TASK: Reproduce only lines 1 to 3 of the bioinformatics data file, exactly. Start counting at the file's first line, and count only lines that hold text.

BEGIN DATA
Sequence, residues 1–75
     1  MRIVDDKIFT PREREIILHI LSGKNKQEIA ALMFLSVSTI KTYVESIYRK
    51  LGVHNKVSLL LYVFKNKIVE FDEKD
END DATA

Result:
Sequence, residues 1–75
     1  MRIVDDKIFT PREREIILHI LSGKNKQEIA ALMFLSVSTI KTYVESIYRK
    51  LGVHNKVSLL LYVFKNKIVE FDEKD